Directed by Gordon Douglas who gave us Walk a Crooked Mile (1948), Kiss Tomorrow Goodbye (1950), Between Midnight and Dawn (1950), I Was a Communist for the F.B.I. (1951), and later known for Westerns (some of my favorites are Rio Conchos (1964), Barquero (1970) and Skin Game (1971)), and Crime films including Sinatra's Tony Rome (1967), The Detective (1968), and Lady in Cement (1968). The screenplay was written by Sydney Boehm who has eight film noir to his credit.
|Sylvia (Carroll Baker)|
The cinematography was by quadruple-Oscar-winner Joseph Ruttenberg who gave us a handful of noirs (Crossroads (1942), Gaslight (1944), The Bribe (1949), Side Street (1949), and Cause for Alarm! (1951)). The music was by David Raksin who began his career in 1936 with Chaplin's Modern Times, was the composer responsible for Laura (1944) and for the soundtrack for Midnight in the Garden of Good and Evil (1997) among many others.
The film oozes cinematic memory starring a plethora of Noir, Neo Noir and TV actors. Carroll Baker (Baby Doll (1956), Something Wild (1961), Bad (1977), Ironweed (1987)) as Sylvia West aka Sylvia Karoki. Peter Lawford (The Picture of Dorian Gray (1945), Ocean's 11 (1960)) as Frederic Summers. George Maharis (Naked City TV Series (1958–1963), Route 66 (1960–1964)) as Alan Macklin.
Supporting cast consists of Joanne Dru (Red River (1948), All the King's Men (1949), 711 Ocean Drive (1950), Hell on Frisco Bay (1955)) as Jane Phillips, Viveca Lindfors (Backfire (1950), Dark City (1950), Brainstorm (1965)) as Irma Olanski, Edmond O'Brien (thirteen Film Noir) as Oscar Stewart, Ann Sothern (The Blue Gardenia (1953)) as Grace Argona, Jay Novello (Phantom Lady (1944), Kiss the Blood Off My Hands (1948), Sirocco (1951),The Sniper (1952), and Crime Wave (1953)). Aldo Ray (Nightfall (1956), Psychic Killer (1975)) as Jonas Karoki, Lloyd Bochner (was in To Serve Man one of the Iconic Twilight Zone Episodes, and in Point Blank (1967)) as the sadist Bruce Stamford III, Anthony Caruso (Night Editor (1946), The Blue Dahlia (1946), The Undercover Man (1949), The Asphalt Jungle (1950), Hell on Frisco Bay (1955), A Cry in the Night (1956)) as bouncer "Muscles," Paul Gilbert as Lola Diamond the barracuda, Nancy Kovack as Big Shirley, and Paul Wexler as Peter Memel.
The story is Sylvia West (Baker) is about to marry California millionaire Frederic Summers (Lawford) who has proposed to her. She is gorgeous, smart, financially independent, writes published poetry and seems to be the perfect woman.
|Macklin (Maharis) and Summers (Lawford)|
|home movies of Sylvia|
|More like Peter The Shit Heel than Peter The Healer|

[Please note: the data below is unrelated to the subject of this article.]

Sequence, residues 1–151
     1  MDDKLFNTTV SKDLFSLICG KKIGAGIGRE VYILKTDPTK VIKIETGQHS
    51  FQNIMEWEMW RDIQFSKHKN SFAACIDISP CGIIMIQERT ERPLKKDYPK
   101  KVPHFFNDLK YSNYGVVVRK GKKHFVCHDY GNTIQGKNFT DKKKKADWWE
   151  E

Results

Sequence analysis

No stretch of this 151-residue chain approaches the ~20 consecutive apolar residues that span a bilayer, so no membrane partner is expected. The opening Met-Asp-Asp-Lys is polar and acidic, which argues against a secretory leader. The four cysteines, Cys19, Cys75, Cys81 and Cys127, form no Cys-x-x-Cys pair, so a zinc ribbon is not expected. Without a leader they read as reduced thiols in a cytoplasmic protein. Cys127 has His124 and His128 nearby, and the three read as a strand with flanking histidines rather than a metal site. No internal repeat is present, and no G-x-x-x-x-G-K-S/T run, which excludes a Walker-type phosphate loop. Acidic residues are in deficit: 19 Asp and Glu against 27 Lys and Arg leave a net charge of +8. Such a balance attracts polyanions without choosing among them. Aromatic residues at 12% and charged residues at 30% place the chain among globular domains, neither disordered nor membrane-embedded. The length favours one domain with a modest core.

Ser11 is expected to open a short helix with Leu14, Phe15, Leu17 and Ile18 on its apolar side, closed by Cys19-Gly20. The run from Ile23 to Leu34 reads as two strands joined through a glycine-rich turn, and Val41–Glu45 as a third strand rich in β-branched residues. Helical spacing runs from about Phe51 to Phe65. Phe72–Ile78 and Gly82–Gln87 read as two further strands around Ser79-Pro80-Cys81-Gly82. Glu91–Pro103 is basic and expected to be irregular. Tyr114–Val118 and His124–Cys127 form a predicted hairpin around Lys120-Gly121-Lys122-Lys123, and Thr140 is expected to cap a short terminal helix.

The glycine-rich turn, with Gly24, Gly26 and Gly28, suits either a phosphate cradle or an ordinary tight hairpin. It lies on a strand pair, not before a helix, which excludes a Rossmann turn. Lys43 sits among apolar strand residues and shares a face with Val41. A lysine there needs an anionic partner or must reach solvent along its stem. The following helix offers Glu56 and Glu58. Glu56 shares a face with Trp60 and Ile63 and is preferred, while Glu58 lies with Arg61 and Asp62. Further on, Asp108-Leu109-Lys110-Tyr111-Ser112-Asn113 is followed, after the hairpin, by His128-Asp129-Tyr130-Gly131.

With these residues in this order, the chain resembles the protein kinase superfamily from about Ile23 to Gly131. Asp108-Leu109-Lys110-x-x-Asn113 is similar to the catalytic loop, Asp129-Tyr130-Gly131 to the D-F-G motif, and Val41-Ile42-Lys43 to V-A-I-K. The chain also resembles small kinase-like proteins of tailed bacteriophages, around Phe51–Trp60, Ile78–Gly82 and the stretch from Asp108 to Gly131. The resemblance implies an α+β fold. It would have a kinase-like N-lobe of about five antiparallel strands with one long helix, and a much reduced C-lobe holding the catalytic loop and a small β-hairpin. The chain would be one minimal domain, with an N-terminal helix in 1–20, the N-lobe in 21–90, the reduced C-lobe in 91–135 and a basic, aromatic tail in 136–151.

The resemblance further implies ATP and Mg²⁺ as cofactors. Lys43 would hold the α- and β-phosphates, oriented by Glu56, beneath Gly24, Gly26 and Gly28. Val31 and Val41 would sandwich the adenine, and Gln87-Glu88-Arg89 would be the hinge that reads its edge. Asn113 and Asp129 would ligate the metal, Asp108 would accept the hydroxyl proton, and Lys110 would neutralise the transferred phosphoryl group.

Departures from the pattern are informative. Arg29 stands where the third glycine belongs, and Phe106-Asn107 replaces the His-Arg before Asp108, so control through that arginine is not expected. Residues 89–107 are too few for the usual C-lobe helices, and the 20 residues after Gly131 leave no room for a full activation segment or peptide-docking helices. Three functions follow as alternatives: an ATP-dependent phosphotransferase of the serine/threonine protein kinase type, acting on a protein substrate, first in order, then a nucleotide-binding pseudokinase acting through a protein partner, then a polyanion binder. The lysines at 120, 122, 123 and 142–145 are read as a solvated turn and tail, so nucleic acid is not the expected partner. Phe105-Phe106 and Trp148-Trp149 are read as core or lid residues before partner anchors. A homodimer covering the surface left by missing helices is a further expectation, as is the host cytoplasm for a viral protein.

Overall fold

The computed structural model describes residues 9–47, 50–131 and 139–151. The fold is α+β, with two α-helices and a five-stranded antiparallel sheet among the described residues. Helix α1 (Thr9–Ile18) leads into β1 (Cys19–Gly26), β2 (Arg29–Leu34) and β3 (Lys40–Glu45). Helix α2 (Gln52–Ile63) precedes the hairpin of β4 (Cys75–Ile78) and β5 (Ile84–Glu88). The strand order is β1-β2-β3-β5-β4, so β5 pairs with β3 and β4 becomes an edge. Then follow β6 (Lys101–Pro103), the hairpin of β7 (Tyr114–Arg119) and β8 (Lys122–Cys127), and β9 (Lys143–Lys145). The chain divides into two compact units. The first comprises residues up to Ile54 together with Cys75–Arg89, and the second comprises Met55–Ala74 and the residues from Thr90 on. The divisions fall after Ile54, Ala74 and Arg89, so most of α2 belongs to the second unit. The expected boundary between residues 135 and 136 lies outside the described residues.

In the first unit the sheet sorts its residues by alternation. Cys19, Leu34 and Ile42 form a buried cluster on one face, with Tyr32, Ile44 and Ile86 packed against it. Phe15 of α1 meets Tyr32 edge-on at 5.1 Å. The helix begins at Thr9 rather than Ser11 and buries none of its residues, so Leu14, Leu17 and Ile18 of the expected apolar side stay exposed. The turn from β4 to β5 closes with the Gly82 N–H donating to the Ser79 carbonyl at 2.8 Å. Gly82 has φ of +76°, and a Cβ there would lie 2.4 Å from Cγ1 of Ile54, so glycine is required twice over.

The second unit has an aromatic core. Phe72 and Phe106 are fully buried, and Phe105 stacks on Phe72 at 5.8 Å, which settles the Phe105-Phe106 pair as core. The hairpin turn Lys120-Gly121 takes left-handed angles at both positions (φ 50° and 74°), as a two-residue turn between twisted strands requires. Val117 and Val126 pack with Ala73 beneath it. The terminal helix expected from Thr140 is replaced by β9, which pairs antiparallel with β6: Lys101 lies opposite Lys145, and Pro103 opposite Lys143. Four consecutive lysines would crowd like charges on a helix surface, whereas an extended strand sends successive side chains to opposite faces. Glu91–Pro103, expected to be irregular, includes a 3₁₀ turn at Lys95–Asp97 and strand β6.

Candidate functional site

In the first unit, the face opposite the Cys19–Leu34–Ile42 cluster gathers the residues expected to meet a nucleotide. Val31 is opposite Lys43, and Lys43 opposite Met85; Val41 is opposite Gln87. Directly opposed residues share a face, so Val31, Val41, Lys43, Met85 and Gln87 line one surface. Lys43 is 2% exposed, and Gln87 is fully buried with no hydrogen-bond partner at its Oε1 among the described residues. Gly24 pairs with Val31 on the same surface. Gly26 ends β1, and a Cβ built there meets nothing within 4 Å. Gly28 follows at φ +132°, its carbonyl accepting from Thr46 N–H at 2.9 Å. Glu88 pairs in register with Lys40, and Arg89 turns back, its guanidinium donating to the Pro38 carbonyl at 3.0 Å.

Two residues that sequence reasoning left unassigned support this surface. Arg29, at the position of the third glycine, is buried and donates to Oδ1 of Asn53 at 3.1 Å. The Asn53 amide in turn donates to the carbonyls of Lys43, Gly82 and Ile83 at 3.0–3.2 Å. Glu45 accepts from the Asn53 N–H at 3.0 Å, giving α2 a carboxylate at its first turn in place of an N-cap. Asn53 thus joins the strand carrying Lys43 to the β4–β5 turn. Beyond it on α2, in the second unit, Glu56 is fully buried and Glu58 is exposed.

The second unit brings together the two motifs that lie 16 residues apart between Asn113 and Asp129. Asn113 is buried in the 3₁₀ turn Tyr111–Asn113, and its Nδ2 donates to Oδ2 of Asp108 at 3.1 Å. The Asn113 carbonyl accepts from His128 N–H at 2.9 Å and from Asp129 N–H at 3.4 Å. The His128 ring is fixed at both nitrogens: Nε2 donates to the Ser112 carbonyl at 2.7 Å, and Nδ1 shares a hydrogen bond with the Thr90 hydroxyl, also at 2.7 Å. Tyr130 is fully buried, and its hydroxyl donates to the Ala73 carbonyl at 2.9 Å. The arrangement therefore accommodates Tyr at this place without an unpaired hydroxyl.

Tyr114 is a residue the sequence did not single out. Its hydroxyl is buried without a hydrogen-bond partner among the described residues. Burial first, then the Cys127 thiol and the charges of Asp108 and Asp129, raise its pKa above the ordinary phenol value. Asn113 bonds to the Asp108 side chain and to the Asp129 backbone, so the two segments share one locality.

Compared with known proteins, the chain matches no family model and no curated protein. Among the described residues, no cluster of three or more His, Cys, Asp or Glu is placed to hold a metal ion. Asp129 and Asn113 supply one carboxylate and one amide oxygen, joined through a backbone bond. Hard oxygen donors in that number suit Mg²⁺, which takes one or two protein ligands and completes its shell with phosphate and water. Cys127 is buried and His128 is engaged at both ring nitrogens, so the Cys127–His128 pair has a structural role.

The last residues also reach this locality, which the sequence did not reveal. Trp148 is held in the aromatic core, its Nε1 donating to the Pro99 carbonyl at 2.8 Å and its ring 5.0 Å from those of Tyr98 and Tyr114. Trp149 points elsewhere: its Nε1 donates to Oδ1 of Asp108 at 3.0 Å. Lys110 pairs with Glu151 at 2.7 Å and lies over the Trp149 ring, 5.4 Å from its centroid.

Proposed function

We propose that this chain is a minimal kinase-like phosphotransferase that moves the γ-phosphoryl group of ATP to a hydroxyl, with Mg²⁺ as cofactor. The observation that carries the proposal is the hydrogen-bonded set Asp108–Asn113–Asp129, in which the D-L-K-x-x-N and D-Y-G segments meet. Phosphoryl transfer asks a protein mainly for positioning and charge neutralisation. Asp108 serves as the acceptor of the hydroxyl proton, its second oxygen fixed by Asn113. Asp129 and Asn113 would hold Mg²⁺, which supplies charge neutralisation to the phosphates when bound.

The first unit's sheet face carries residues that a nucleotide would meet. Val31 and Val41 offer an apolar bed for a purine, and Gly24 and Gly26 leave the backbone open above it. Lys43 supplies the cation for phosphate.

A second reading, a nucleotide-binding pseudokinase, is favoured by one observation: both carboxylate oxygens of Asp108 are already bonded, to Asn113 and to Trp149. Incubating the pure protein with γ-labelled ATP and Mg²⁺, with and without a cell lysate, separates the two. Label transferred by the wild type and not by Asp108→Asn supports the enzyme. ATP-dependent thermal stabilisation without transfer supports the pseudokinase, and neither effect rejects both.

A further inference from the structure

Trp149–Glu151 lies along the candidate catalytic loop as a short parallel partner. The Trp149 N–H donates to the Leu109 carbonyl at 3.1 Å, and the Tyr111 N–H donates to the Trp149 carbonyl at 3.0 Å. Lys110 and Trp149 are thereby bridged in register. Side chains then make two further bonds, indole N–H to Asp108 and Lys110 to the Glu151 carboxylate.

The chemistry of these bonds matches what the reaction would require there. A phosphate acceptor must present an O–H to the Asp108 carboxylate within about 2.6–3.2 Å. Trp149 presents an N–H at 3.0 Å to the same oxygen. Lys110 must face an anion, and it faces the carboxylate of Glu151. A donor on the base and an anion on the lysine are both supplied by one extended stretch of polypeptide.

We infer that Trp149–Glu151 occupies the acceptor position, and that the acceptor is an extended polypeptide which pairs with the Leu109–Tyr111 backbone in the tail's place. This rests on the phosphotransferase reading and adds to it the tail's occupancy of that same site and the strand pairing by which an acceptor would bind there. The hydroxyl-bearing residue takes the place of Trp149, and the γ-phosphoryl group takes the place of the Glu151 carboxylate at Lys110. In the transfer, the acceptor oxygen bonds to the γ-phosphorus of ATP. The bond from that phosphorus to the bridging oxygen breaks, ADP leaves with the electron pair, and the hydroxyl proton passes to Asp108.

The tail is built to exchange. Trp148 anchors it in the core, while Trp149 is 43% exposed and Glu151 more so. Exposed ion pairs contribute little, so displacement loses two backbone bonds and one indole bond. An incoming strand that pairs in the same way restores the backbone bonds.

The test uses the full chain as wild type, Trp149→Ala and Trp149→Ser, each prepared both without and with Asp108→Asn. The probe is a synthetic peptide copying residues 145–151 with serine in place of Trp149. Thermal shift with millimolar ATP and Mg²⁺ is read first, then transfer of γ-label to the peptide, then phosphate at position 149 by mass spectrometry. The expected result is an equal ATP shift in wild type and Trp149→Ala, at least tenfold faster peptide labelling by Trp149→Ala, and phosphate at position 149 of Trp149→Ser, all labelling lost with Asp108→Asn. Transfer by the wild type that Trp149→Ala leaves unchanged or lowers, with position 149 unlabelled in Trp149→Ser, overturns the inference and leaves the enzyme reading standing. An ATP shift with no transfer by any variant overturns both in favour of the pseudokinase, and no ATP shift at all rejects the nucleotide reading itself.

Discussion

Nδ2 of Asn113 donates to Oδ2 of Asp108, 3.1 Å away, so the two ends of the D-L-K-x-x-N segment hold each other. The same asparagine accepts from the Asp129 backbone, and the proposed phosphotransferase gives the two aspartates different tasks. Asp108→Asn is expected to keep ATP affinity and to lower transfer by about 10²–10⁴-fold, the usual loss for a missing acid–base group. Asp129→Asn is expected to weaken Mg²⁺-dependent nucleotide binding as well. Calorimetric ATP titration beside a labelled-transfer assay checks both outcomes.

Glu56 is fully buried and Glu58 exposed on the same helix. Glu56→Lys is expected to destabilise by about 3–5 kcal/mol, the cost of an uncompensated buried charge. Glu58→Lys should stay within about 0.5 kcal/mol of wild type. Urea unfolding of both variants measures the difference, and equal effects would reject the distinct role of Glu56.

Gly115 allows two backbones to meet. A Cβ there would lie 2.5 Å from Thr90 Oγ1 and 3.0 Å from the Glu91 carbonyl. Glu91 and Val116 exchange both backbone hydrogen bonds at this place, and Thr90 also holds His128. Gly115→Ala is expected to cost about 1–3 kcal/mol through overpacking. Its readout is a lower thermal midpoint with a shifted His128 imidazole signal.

|The creepy preacher|
|Macklin and Pancho|
|Macklin and Father Gonzales (Jay Novello)|
From Father Gonzales Macklin finds out that a travelling dress salesman Oscar Stewart (Edmund Obrien) picks her up from the whorehouse and makes a deal to drive her to New York City for the privilege of driving dangerous curves across dirty sheets at night. Macklin next tracks Stewart down in New York and threatens to let his wife know about his shenanigans if he doesn't give out with what he knows about Sylvia.
|Macklin and Oscar Stewart (Edmund Obrien)|
Stewart tells Macklin that Sylvia next worked in a Times Square/Broadway penny arcade making change and bunking with another change booth girl named Grace Argona (Ann Southern). Macklin visits Grace next.
|Grace (Ann Southern) and Macklin|
Penny Arcade Flashback
|Sylvia,"Muscles" the bouncer (Anthony Caruso) and Stewart|
Eventually Sylvia does leave, and Grace hears later that she was busted for prostitution with a couple of other girls and spent 30 days in the slammer with three of them. One of those girls Big Shirley (Nancy Kovack) now works as a stripper, and Macklin questions her about the next phase of Sylvia's life.
Sylvia, Shirley, and Jane (Joanne Dru) worked in a whorehouse for a madam named Molly Banter (Connie Gilchrist) who the girls called "Mother." Shirley didn't know what happened to Sylvia but she did hear that Jane made it big, married a banker named Hurbert Phillips. Macklin next tracks down Jane.
|Dinner with Jane and another piece of Sylvia's puzzeled past comes together|
|Molly Banter's "Mother" whorehouse|
|Mother (Connie Gilchrist) center|
|Lola (Paul Gilbert)|
|Sylvia the High Class Hooker|
|Bruce Stamford III (Lloyd Bochner)|
|Calling the police|
With the seventy thousand, Sylvia splits New York and and heads to The City Of Angels. She changes her name once again to Sylvia West buys a nice house invests the rest and grows prized roses and writes poetry. As you can guess by now Macklin has become obsessed with Sylvia.
"To prepare herself to play the heroine with a checkered past, Carroll Baker actually worked a shift in an all-night diner (where she went unnoticed), made change in a penny arcade booth, visited a Tijuana brothel and so forth - publicity stunt "research" that was documented in a lengthy February 27 1965 Saturday Evening Post picture story called "The Lady Was A Tramp"." from IMDb
Maharis is OK in the role of the dogged PI, Baker is also decent in her complex portrayal. However they don't really shine. The rest of that cast is good, carrying the tale along with interesting cameos. Both leads had their problems, Maharis had a couple of vice squad sexual perversion busts, one with a male hairdresser no less, that sidetracked his career, and Baker's next film Harlow was a flop. Baker relocated to Italy in 1966 while she was having legal problems over her contract with Paramount, along with a dispute with Joseph E. Levine. In Italy Baker starred in Italian Giallos including Umberto Lenzi's Paranoia (1969) and Knife of Ice (1972). In 1977 she was a character actress in Andy Warhol's Bad (1977). Paul Anka croons the title song. Screencaps are from an online streaming version of the film. It's worth a look, a café au lait Noir 6.5-7/10